I’m deviating for a blog post from my reviews because 1) I’m behind on reading because I’ve been so exhausted from my first trimester that I was too tired to open a book and read and 2) because I feel compelled to give some opinions on social media. That’s right. I’m going to say stuff that thousands of people have already said, only in my own words and emphatically. Hold onto your hats, people.
Oh, yes, I’m in my second trimester now (17w4d when this blog post goes up), so my energy is coming back. Thank you for asking.
Because I liberally post links to my Twitter and Pinterest profiles all over my blog, I assume that some authors who are requesting reviews click on the links and follow me. That is more the impetus for the post, but there’s nothing like beating around the bush in an introduction, is there? So I wanted to share my rationale for following or not following people, mostly because I want you to understand that you following me or not following me or me following you or not following you has nothing to do with whether or not I accept reviewing your book.
As I have said on multiple occasions, I only accept a small percentage of the review requests I get. It’s not because I’m a princess (or maybe it is; I guess you can judge that). It’s because I really don’t have much time to devote to reading, though I love it. I’ve accepted some books and not enjoyed them, not because they weren’t good, but because they weren’t for me. So I’ve honed my process: Every review request I receive gets a perusal of the summary and first chapter of the book. Assuming you’re polite, are asking about a genre I’m interested in, address me as though I’m not on a mass email list (even “Proprietor of Magic & Mayhem Book Review Blog” is better than “Dear Reviewer,” by the way), and follow my review request guidelines, summary and first chapter are the only criteria I use to decide if I’m going to review it or not. This should not be a surprise, since I make it pretty clear in my Review Policy.
When I decide to follow you on Twitter, it’s because I’ve decided you seem interesting. Maybe you tweet pictures of your cat or funny things you think of throughout the day or interesting articles or heart-wrenching bite-sized stories about your struggles writing or links once in awhile to goofy articles. What you do NOT do is one or more of the following things on this non-inclusive list:
- Tweet a link to buy your book / artwork / etsy store every hour.
- Tweet quotes from your book every hour.
- Tweet quotes from Mark Twain and the Dalai Lama every hour. (I follow the Dalai Lama myself. I don’t need your quotes from him.)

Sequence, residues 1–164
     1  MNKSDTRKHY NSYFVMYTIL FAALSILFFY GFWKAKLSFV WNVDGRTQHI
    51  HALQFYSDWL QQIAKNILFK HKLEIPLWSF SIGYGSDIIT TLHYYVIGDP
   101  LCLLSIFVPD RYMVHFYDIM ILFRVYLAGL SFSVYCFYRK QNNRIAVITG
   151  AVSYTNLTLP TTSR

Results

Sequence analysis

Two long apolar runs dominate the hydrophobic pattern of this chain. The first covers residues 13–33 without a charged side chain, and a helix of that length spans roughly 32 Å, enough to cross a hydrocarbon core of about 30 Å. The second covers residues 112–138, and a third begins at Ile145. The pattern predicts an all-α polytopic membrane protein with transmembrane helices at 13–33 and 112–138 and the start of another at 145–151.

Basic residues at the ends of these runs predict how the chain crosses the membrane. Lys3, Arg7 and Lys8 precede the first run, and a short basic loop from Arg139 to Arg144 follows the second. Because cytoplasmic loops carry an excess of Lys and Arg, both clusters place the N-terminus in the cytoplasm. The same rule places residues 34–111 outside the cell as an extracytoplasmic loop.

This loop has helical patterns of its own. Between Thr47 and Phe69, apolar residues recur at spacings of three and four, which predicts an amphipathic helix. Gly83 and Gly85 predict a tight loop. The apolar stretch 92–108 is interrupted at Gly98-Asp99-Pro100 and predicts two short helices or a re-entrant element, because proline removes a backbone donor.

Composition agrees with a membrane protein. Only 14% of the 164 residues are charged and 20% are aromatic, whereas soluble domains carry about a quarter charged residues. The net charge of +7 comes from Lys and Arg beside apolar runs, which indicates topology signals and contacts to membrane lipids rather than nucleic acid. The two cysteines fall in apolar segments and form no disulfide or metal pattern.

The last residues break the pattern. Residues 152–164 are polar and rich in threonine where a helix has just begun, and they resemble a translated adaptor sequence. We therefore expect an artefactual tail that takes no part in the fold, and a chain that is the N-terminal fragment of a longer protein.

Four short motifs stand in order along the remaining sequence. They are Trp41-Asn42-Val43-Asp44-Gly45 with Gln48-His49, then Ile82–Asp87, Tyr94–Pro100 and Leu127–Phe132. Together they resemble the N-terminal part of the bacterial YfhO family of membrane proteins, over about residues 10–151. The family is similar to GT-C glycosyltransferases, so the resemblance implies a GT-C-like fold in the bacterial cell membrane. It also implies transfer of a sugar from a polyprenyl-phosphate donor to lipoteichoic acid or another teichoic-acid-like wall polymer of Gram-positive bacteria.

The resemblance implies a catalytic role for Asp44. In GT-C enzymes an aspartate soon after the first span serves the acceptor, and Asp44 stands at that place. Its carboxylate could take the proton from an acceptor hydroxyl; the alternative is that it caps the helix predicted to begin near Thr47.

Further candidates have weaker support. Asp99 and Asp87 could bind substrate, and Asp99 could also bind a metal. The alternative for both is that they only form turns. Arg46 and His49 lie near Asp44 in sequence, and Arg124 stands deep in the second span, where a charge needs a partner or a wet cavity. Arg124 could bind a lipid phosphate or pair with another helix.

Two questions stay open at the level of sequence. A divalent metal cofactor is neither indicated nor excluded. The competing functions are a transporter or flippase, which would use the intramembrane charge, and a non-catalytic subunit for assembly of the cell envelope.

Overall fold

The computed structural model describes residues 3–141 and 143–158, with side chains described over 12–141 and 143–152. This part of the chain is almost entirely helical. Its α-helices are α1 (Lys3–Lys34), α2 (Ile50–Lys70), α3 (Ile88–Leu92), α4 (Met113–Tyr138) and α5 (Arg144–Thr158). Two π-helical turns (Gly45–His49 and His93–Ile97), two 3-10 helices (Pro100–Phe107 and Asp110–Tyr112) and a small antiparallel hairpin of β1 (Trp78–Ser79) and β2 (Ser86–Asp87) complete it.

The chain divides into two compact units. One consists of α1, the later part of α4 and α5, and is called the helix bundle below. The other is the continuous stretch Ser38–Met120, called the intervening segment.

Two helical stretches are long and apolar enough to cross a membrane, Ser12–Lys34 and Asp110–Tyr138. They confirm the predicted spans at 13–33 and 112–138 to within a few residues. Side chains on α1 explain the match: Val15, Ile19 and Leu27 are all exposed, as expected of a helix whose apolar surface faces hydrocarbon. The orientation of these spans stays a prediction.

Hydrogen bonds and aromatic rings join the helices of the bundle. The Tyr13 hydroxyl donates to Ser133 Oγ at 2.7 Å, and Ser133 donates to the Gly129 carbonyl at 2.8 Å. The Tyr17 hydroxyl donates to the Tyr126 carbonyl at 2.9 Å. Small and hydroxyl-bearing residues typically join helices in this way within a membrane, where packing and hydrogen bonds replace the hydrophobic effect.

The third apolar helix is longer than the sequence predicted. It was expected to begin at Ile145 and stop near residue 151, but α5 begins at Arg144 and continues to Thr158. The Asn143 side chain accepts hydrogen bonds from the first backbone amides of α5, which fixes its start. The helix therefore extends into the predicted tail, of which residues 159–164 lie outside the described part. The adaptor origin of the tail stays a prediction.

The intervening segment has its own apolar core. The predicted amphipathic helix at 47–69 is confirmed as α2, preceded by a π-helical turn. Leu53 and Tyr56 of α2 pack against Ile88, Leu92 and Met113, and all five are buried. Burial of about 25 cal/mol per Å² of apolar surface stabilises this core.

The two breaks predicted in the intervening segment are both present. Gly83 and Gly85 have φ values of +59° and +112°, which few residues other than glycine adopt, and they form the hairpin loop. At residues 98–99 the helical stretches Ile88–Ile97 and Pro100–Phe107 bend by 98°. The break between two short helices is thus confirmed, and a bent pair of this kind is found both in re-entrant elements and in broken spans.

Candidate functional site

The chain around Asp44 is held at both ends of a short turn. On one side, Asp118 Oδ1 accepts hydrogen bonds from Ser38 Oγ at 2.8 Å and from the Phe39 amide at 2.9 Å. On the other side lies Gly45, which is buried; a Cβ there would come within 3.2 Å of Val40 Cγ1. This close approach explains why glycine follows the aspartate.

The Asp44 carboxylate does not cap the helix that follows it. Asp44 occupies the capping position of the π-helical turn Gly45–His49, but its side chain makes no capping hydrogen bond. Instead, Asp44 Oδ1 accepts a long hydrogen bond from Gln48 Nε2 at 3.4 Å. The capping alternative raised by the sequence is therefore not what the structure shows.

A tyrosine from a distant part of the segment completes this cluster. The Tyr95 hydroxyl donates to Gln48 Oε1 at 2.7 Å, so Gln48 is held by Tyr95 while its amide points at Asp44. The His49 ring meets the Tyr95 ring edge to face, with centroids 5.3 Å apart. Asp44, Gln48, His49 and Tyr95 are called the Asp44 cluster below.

- Tell me every time you got a five-star review on amazon. Note: “Top 100 Amazon Reviewer gave my book 5 star, AWESOME!” is cool. If you do it, like, one time. Because that’s an announcement. Not spam.
- Retweet other people’s boring-ass articles about … yawn.
- Never talk to anyone. (Someone who joined Twitter last week is OK. Someone with 10k followers … What’s up with you, Little Miss Thang?)
- Only tweet @’s that go like this: “Thanks so much for following me.” “Bless you, I like your name, too.” “Awesome, thanks for the follow; would you be interested in reading my book?” I don’t understand how people think this is acceptable social interaction, especially when it’s a run of 25 tweets at once.
- List of tweets includes a once a day status update brought to you by everyone’s favorite spam factory, justunfollow.com.
- Tweet #writingtip/#pubtips. I know that this is probably not on many people’s pet peeve lists, but seriously, I can’t handle it. 99% of the time, it’s exceedingly generic and condescending. I don’t follow Stephen King, but if I did and he tweeted writing tips, I’d probably unfollow him.
- After I follow you, you send me a DM with a link to or request for following you elsewhere (mainly FaceBook). I will let “Hi, hope we can become friends!” pass, usually, but that’s really lame and not the greatest first impression. (50 DKP minus for any DM that includes “brought to you by justunfollow”: See above.)
Basically, as long as you don’t act like a robot, but instead post stuff about your opinions on life–i.e. making you seem like you have a personality–then I’ll probably follow you. What is most surprising to me is the sheer number of people that use Twitter like a spammy bulletin board. Hootsuite was a great invention, but so was the gun. Let’s use both of them wisely, people.
Since I’m perpetually behind on book review requests, if I follow you, you shouldn’t take that to assume I’m going to review your book. (I hate to create false hope. I WILL CRUSH YOUR DREAMS INSTEAD! Just kidding. No, wait, that’s probably true.) It just means that you seemed like an interesting person to follow. And maybe we can be friends. But I still might not have time for your book unless we become super-extra best friends.
Pinterest is a different animal. I have a very specific curated set of boards (which have been neglected because of the baby. Yes, I will blame everything on the baby now). If your Pinterest boards don’t fall into those categories (angels, demons, fantasy, the color red, books/reading, and interesting/exotic places), I won’t follow them. I will follow individuals boards, I try to look at every person who follows me, and I usually follow back if your boards are within my sphere of interest. The same stuff I just said about Twitter applies here, except that I’m more behind on following people on Pinterest usually than I am on Twitter.
One final note about Twitter and Pinterest: While I try to tweet a link to my review of your book a few times the week I post it and pin it on my blog’s Pinterest board, I don’t always do that in a timely manner. This also has nothing to do with you. For some reason, I keep forgetting to set up the auto-tweets in HootSuite. It’s a terrible excuse, but just know that if you don’t get tweeted/pinned right away, it’s me, not you. (It’s the baby.)